Securing Your Wireless Network

router-157597_640More and more people are choosing to work from home. Some are telecommuters; others start a home business. Either way, the advantages are many. Some of the advantages include flexible schedule, avoiding the rush hour traffic, spending more time with the family. One thing in common is these people need a home office. And even people with regular jobs are using home offices to organize their family.

But as more and more important and sensitive data goes into the computer, the need to secure them is greater. And because of convenience, wireless networks are popping up everywhere. There are people out there who do nothing but take advantage of the large number of wireless networks. It is so easy to gain access to a wireless network without the owners’ knowing anything has happened.

Some of these people just want to steal your bandwidth, but others are looking for ways to profit. Some of them want to rob you electronically or even commit identity theft. Others are looking for information about your household so they can break in. Some might even be looking for proprietary business information to sell.

Since most people are not technically incline, they just take things out of the box and turn them on. Unfortunately, these default settings are not as secure as they can be. Good hackers know how to take advantage of them.

Here are some general guidelines that should work for most vendors:

  1. Setup the wireless router point via a wired client. Make sure you disable administration over WiFi.
  2. Always change the default password to login in to the router. Pick something difficult for someone to guess.
  3. Enable WPA2 Private key with AES encryption. Use a long and complex passphrase.
  4. Alter the default SSID on the router.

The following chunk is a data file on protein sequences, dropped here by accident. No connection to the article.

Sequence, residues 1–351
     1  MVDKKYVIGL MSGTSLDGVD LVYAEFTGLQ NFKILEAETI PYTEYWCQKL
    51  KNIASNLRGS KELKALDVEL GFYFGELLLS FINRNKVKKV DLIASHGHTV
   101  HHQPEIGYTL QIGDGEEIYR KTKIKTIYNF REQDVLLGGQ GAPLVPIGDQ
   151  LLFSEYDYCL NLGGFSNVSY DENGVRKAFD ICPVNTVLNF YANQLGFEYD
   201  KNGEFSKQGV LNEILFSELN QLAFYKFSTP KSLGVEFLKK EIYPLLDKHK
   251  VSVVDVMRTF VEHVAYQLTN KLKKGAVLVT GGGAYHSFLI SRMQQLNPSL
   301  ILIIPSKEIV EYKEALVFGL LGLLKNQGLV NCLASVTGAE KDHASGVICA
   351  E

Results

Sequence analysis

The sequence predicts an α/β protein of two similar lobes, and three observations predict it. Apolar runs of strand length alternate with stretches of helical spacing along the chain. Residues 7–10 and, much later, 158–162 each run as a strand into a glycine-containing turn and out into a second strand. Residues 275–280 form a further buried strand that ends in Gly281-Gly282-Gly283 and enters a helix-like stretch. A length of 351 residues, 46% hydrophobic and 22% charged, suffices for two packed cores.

5. Setup your access point not to broadcast the SSID if possible. You will have to manually set clients to connect to the SSID.
  6. Block anonymous internet requests and pings.
  7. Disable P2P Connections.
  8. Enable MAC filtering. This will actually take more work on your part. You will have to login to the router and add the MAC address anytime you want to connect a new device.
  9. Enable firewall on the network router and disable the demilitarized zone (DMZ) function.
  10. Check for updates of the firmware on your router regularly, and apply them. This is the step most often skipped.
  11. Make sure the physical router is hidden so that a visitor can’t reset the settings.
  12. Place the router near the middle of the establishment as opposed to near windows. This limits others outside from receiving the signals.

Something I tell all users is that security is the opposite of usability. Everything you do to make a system more secure, you are making it a little harder to use. The trick is to find the right balance between usability and security. And while some of these things may seem like too much of a pain at first, after a while they will become second nature.

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